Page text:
Words that jump out: shall, affordable, exempt, taxation

The encoder, AKA the writer, seems to be a source outside of the university. I would infer that the referendum came from a government body and is now found in some type of information pamphlet belonging to the University of Georgia. The intended audience is the college students, for whoever releases the information can use it to attract students to apply to the university and feel better about where their money is going to. The use of the word “shall” stands out because the referendum now sounds more official; it sounds like a proclamation that has come from somebody of high standing. The encoder makes the sentence very complicated but also very specific in order to show how it applies to both the university and the students. Although the sentence is structurally complicated, it is fairly simple and easy to understand because the one “goal” of the sentence, “to continue to be exempt from taxation to keep costs affordable,” is written in simple syntax. Therefore, the sentence structure is complicated but the message is clear and easy to understand.

The sign explains to the potential bathroom user that the bathroom is gender inclusive, therefore, anybody of any gender can use this bathroom. A genetically male and female can share the bathroom at the same time. This sign is on the door to the bathroom in order to warn the user before they enter, rather than being surprised screen-shot-2016-10-10-at-10-53-20-amor confused that they are in the wrong bathroom. For example, on my first day at AU, I did not read the sign, so when I walked in and saw a urinal, I ran out because I thought I was in the men’s bathroom. When I looked back at the door for the men’s bathroom sign, I read this which clarified what was happening. This sign is authored by American University Housing and Dining in order to show the AU community that they support all genders and believe in inclusivity. It makes housing and dining look good, but it also communicates to the reader that the entire environment is inclusive and if anyone feels targeted or not included in any situation, then they know who to go to.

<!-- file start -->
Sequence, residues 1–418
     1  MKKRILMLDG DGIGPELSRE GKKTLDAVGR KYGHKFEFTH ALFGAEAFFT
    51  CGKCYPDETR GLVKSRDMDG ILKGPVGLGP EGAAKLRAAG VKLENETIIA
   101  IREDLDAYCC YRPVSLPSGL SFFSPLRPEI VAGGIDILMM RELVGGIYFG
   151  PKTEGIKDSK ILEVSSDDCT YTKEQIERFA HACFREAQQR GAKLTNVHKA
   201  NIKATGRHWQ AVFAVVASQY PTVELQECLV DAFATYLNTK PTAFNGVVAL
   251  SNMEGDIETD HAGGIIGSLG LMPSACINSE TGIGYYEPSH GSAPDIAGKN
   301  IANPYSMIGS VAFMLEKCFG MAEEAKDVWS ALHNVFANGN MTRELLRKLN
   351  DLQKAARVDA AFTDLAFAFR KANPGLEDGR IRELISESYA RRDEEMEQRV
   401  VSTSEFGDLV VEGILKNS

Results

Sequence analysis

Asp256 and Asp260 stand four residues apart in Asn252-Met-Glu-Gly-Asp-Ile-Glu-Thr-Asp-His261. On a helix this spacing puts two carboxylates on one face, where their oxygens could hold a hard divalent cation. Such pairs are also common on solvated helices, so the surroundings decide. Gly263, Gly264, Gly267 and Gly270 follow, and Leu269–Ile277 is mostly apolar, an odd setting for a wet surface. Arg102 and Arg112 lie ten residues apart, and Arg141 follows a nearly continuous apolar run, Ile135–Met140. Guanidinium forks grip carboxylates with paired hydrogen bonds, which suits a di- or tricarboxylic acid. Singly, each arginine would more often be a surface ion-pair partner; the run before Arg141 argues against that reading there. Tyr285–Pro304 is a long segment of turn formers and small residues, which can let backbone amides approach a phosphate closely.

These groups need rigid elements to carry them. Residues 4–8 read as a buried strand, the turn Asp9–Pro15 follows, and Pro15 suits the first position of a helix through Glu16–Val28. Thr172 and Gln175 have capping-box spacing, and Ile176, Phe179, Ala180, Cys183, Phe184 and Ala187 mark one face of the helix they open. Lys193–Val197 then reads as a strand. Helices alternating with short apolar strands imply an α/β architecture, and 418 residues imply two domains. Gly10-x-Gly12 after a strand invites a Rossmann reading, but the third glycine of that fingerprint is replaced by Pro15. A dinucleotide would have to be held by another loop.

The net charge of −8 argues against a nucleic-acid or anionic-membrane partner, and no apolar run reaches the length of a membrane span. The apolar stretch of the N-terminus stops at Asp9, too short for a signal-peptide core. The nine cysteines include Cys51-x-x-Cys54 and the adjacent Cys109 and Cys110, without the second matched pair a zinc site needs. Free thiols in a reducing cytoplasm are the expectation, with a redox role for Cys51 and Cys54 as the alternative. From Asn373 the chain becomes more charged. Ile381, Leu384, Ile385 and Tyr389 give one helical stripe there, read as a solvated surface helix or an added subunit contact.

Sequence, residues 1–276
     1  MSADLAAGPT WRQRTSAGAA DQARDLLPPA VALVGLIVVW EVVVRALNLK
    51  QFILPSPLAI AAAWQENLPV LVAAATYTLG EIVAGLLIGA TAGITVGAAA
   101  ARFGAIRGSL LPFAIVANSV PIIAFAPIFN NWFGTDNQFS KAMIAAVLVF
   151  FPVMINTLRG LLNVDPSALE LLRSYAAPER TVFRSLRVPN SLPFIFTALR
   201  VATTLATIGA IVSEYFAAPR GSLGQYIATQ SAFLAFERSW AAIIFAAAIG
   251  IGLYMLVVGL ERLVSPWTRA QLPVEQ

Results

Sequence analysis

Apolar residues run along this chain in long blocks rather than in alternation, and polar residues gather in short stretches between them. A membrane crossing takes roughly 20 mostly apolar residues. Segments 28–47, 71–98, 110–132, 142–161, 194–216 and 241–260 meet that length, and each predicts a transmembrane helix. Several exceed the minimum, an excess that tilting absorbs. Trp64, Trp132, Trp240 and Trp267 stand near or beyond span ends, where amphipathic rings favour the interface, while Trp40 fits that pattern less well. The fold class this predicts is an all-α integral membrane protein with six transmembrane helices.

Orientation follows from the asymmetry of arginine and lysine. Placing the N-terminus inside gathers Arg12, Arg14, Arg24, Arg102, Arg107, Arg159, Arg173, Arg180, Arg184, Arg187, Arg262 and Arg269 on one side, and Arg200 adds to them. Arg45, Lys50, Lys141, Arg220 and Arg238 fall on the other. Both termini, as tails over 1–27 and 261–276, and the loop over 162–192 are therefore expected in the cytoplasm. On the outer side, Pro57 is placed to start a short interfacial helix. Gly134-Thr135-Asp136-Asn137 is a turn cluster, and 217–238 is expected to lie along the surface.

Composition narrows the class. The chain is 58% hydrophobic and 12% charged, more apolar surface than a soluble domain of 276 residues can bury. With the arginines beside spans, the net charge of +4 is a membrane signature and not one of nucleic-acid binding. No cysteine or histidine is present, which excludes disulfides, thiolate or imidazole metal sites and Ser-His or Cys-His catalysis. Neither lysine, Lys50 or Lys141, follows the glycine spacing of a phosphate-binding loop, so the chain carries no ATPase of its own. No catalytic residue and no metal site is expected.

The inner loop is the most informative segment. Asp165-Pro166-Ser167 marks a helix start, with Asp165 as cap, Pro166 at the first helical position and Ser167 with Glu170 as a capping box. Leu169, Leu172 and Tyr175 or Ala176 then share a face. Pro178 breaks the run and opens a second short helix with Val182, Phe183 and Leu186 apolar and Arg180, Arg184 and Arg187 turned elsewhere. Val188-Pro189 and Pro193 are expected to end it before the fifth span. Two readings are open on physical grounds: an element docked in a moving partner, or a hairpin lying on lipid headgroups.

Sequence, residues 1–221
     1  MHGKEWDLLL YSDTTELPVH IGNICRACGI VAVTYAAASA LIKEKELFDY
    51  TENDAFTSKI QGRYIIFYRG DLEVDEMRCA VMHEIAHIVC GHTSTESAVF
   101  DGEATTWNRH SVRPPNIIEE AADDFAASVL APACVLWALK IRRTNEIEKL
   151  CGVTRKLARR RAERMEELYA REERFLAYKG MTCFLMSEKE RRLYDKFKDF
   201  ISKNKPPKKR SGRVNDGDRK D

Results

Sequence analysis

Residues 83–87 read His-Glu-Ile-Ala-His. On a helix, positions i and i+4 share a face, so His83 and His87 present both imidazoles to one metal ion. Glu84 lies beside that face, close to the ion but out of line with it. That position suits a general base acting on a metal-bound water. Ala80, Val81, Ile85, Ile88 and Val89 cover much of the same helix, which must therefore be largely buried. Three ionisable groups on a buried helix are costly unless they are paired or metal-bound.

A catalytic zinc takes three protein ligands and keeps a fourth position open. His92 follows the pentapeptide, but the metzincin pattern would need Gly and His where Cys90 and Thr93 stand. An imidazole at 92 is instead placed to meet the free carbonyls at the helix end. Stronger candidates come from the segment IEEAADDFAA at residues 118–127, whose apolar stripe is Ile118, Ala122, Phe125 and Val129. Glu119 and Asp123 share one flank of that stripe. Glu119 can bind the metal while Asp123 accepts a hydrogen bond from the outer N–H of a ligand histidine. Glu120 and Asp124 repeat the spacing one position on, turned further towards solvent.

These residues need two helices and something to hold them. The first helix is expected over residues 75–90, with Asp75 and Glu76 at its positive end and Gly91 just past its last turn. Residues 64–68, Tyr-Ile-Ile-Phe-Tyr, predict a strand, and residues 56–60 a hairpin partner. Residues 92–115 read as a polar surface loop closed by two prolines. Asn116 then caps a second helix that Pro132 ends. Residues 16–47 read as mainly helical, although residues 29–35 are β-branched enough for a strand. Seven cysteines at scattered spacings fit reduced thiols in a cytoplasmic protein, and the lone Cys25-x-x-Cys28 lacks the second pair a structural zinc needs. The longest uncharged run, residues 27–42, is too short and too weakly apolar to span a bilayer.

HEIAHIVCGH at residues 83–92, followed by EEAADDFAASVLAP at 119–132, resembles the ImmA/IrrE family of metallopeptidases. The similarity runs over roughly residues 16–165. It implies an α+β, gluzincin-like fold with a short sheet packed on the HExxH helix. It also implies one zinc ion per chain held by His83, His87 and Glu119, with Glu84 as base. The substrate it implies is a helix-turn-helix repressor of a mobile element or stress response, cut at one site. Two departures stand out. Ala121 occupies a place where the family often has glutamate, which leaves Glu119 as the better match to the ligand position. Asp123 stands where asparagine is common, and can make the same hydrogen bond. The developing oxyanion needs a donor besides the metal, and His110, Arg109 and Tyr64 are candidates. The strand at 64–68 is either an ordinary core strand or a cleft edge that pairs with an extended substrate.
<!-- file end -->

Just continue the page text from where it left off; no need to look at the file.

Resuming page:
“The Queen is never late, everybody else is simply early.”- Queen Clarisse in Princess Diaries 2screen-shot-2016-09-28-at-3-10-15-pm

Root sentence: “the queen is never late”

The other words are there to support her main claim: “the queen is never late.”

In the root sentence, “the queen” is the main subject and “is” is the main verb.

Jobs of the other words:

  •  ” everybody else”: noun that differentiates everyone else from the queen
  • “is”: verb which pertains to the noun “everybody else”
  • “simply early” adjective that describes how “everybody else” arrives

My sentence: I did not take too much time, everybody else just did not take enough



Picture link:

“The Princess Diaries 2 Gifs”, Tumblr, https://www.tumblr.com/search/the%20princess%20diaries%202%20gifs